Do earnings from a work-study job affect my next year’s FAFSA?
No, you can deduct what you earn from your work-study from your income reported on your FAFSA.
Will my work-study job carry on to next year?
Not necessarily. First, you have to complete a FAFSA every year. You can continue on a work-study job only if you receive a work-study award next year.
Plus, your current employer would need to rehire you.
3. Need-based financial aid is available in all sizes
A common misconception about need-based financial aid (free financial aid for students with financial need) is that it's only available to students with very low incomes.
This misconception may explain why the number of students completing the FAFSA continues to decline—68% of families completed the FAFSA for the 2020-2021 school year.
The reality is that the federal government had $32 billion in federal grants in 2020—$2 billion went unused in that year.
In 2020, the average federal grant was $5,179 per year. Need-based financial aid is available in all sizes.
A Federal Pell Grant for undergrad students ranges from $639–$6,495 per year. The average amount for this type of financial award is $3,900.
The federal government decides how much money you receive using your expected family contribution (EFC).
Even if you weren’t eligible for a Federal Pell Grant due to a high EFC, you might still qualify for other types of grants.
For example, the Iraq and Afghanistan Service Grant is free money for students who had a parent or guardian who died during military service in Iraq or Afghanistan.
You need to submit your FAFSA every year to find out what need-based financial aid you qualify for.
4. The FAFSA deadline varies per state
Every year, you’ll need to complete your FAFSA to be eligible for free and earned money.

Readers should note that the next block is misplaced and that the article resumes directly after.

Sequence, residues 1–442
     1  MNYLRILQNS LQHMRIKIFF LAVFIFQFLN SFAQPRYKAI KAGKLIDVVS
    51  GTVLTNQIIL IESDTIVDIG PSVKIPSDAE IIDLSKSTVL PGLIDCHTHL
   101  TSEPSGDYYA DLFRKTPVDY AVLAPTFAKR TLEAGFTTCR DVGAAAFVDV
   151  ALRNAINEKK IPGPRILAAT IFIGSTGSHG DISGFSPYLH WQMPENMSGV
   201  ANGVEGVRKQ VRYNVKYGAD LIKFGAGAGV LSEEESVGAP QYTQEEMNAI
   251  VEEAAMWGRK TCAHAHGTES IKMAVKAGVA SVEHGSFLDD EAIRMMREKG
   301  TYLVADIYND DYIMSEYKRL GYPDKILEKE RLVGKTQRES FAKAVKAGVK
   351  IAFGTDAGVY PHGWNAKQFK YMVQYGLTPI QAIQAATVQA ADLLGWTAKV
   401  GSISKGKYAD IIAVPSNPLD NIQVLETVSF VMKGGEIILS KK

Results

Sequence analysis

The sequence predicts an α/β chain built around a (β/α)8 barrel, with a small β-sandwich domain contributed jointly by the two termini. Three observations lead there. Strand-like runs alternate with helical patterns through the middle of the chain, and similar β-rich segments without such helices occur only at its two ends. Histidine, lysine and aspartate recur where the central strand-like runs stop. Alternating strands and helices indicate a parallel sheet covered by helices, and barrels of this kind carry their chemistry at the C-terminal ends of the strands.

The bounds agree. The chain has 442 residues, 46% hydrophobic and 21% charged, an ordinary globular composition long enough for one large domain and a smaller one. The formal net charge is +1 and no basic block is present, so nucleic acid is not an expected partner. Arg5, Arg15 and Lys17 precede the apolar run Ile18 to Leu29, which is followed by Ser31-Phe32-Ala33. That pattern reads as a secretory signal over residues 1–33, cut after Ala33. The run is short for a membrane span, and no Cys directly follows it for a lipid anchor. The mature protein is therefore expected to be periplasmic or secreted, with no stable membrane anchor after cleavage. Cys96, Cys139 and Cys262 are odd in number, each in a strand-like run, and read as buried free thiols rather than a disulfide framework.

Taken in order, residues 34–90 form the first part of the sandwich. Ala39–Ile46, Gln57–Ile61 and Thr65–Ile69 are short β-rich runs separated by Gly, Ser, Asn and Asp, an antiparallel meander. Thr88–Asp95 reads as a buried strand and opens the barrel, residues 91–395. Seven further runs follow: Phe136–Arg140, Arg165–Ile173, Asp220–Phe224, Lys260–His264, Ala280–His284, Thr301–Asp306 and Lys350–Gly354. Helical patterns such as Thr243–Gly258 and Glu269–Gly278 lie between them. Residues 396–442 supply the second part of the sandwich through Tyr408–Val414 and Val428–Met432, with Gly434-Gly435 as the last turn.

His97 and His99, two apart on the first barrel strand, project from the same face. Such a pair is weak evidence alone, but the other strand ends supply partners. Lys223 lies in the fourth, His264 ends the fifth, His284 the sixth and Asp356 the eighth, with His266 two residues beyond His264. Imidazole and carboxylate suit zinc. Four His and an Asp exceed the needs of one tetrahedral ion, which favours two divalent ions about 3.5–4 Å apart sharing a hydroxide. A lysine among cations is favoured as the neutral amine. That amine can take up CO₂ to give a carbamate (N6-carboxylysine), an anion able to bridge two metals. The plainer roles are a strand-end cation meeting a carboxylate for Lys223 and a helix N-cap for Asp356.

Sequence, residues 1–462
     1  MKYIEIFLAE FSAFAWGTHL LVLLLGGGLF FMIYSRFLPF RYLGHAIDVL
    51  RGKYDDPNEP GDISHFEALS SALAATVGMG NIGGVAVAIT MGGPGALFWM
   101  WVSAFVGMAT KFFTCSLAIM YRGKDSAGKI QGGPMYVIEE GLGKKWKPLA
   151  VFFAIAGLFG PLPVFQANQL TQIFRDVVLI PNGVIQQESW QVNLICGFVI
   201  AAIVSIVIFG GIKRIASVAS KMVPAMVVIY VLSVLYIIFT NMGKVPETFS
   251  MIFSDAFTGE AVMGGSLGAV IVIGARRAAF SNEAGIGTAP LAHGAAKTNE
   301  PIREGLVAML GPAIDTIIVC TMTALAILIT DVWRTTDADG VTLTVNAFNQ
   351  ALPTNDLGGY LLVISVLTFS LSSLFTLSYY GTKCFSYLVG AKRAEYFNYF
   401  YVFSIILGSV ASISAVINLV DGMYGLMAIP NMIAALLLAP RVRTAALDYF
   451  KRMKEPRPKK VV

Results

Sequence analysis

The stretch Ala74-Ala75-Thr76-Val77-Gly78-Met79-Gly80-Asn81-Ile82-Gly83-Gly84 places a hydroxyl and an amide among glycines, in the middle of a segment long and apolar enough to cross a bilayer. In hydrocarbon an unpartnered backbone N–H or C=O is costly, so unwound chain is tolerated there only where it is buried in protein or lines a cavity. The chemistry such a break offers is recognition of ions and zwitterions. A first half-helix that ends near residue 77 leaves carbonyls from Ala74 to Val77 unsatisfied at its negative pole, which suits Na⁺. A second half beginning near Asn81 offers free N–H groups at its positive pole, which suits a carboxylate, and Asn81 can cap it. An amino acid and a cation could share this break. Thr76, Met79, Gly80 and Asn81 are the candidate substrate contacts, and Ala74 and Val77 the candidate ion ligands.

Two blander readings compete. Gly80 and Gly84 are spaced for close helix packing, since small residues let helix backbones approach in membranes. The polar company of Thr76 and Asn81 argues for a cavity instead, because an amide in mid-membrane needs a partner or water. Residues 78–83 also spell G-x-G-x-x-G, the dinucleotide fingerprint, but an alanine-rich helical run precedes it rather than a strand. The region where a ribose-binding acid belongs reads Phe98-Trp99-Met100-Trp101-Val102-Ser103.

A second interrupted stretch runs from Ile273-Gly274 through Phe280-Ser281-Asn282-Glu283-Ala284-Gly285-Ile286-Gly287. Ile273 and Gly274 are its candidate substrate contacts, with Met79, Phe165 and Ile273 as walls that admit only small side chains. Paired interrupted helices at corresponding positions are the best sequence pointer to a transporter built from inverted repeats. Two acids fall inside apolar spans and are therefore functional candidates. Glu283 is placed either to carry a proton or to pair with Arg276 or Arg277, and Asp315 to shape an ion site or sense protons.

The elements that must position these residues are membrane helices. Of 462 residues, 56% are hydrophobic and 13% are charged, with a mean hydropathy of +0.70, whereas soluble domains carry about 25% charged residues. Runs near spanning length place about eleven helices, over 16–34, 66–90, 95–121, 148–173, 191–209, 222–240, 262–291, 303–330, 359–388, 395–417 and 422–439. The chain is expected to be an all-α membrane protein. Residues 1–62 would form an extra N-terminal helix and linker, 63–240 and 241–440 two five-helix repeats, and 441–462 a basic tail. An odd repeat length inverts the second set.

The federal FAFSA deadline is June 30 of the academic year that you attend. So, the FAFSA deadline for the 2021–2022 school year is June 30, 2022.
Your school’s state affects that deadline. If you were planning to attend a school in Connecticut, the FAFSA state deadline was already in February 2021.
Here’s a map showing the 2021-2022 FAFSA state deadlines across the US.
In addition to the federal and state deadline, your school may also have a different deadline.
If you’re going to school in North Carolina, North Dakota, or Oklahoma, you’ll want to complete the FAFSA for the 2021–2022 academic year as soon as possible after October 1, 2020! Schools in these states assign financial aid on a rolling basis until funds are gone.
While the best date to fill out the FAFSA is as soon as possible, check with your school’s financial aid office to learn more about school and state-specific deadlines.
5. You can enter up to 10 colleges in your FAFSA
You have to fill out a FAFSA every year. Each year, you can list up to 10 colleges.
All of those schools will receive a report on your FAFSA that year. It’s a good idea to include all schools that you’re considering to save time in the application process.
For federal financial aid, the order of the schools in your FAFSA doesn’t matter.
But the order of schools in your FAFSA is important in certain states. Some states use only your top choice for awarding financial aid. Other states award financial aid regardless of the order of your school choices.
Let’s provide more details on how the order of schools in your FAFSA affects your financial aid.
School in first place: Massachusetts, Michigan, Pennsylvania, West Virginia
Schools in first 2 places: Connecticut
Schools in first 3 places: Vermont
Schools most likely to attend in first places of list: South Carolina, Illinois
School order doesn’t matter: Alabama, Alaska, Arizona, Arkansas, California, North Carolina, Colorado, North Dakota, South Dakota, Delaware, District of Columbia, Florida, Georgia, Hawaii, Indiana, Iowa, US Virgin Islands, Kansas, Kentucky, Louisiana, Maine, Maryland, Minnesota, Mississippi, Missouri, Montana, Nebraska, Nevada, New Jersey, New York, New Hampshire, New Mexico, Ohio, Oklahoma, Oregon, Puerto Rico, Rhode Island, Tennessee, Texas, Utah, Virginia, Washington, Wisconsin, Wyoming